Certain public health events are forcing innovation in the B2B sphere, causing firms to find alternatives to the typical B2B channels, such as TV, print, and live occasions. Digital ad spend is predicted to rise, as the calendar approaches 2021. The biggest spenders are tech products and services at a margin of 29.6% of all digital ad spend for B2B. Healthcare, 10.4%. Financial services, 27%. Travel is the only sector that decreased in digital ad spend. Mobile ad spend has also decreased. Tactics that work well right now include search, LinkedIn, B2B Publishers and podcasts. Account-Based Marketing (ABM) is currently not working.
B2B marketers are breaking the assumption that they’re slow to react by taking the lead in digital ad spend.
According to The Drum, “B2B digital ad spend will hit $8.14bn, up 22.6% from 2019.”
This is because of current events in the public health’s consciousness—it is forcing innovation by replacing traditional channels, such as TV, print, and live events, with virtual events or podcasts.
While overall B2B digital ad spend is down by 9.6%, it’s expected to rise within the coming year.
The categories of business driving the rise in digital ad spend are:
° Tech products and services
° Financial Services
° B2B Publishers
It’s not all rosy—the travel industry, for instance, isn’t doing so well. It turns out that businesses aren’t having their people travel so there’s less of an incentive to advertise.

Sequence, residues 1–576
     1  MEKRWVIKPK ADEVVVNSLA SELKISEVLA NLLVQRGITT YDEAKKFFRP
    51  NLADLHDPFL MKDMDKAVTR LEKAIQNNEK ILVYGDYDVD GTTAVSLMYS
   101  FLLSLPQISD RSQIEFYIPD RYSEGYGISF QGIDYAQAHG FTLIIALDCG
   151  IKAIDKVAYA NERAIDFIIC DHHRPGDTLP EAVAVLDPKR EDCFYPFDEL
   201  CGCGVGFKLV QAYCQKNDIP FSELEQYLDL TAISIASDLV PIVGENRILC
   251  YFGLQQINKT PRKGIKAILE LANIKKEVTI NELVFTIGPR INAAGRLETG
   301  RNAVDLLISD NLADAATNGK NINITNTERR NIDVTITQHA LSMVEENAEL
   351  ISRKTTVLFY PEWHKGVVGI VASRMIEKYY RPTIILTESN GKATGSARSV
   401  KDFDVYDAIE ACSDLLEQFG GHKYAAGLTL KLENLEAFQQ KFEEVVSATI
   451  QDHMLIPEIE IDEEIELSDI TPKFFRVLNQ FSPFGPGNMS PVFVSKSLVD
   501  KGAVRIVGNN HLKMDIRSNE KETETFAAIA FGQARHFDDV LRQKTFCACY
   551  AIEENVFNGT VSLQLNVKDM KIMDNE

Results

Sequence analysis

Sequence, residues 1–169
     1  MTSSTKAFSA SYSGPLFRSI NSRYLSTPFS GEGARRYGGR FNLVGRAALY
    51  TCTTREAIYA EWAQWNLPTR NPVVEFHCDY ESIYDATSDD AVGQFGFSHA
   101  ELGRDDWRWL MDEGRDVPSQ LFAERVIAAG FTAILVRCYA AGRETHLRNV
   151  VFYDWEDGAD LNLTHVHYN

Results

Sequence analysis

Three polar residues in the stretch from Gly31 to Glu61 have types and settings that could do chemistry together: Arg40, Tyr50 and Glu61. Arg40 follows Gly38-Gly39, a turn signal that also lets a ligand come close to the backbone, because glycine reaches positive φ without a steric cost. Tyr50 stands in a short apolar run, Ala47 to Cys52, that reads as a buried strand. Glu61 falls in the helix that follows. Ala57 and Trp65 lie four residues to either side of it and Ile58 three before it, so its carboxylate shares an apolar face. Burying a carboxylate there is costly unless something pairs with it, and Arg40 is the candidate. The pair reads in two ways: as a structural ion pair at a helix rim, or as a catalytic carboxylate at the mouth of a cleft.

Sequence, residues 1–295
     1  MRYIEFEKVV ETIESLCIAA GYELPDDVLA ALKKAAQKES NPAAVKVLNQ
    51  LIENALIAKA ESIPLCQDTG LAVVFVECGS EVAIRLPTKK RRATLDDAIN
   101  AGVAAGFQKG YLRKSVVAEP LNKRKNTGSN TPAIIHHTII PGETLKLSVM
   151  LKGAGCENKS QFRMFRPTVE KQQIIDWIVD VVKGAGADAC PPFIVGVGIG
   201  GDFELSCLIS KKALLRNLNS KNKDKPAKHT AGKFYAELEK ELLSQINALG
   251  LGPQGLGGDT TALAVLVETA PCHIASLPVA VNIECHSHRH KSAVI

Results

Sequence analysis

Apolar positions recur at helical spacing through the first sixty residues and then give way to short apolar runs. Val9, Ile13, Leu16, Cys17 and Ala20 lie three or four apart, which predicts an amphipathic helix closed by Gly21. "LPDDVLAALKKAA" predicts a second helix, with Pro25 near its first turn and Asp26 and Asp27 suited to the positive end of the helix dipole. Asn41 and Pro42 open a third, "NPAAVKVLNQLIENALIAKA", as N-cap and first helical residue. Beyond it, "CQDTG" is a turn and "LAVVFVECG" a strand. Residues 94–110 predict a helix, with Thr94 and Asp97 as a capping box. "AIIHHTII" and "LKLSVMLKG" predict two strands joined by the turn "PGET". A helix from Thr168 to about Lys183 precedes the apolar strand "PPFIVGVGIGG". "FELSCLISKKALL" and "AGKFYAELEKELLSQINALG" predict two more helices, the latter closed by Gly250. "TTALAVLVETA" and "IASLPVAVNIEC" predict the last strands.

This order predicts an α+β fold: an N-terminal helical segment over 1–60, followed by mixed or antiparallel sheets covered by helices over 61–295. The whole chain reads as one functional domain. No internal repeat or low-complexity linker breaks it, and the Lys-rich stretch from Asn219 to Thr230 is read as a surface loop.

Speaking of advertising, mobile isn’t performing as well as the laptop or desktop, as less people are spending time on mobile devices than they are laptops and desktops.
And ABM is also on the list of things that aren’t as effective as they once were. According to Jillian Ryan, the principal analyst at eMarketer that’s handling B2B and marketing transformation at Insider Intelligence:
How do you target those people when reverse IP address detection doesn’t work as well as it did when we were all in office? And as you know, cookies are going away. To prepare for this, B2B advertisers should be focused on growing their first-party data set.
What this means is that companies will have to shift the way they do business out of necessity. Ryan said that firms that tend to spend more will end up learning more, as public health emergencies make firms get familiar with digital.
That way, says Ryan, companies will be better prepared to handle any channel.
Original article from The Drum on 10 August 2020.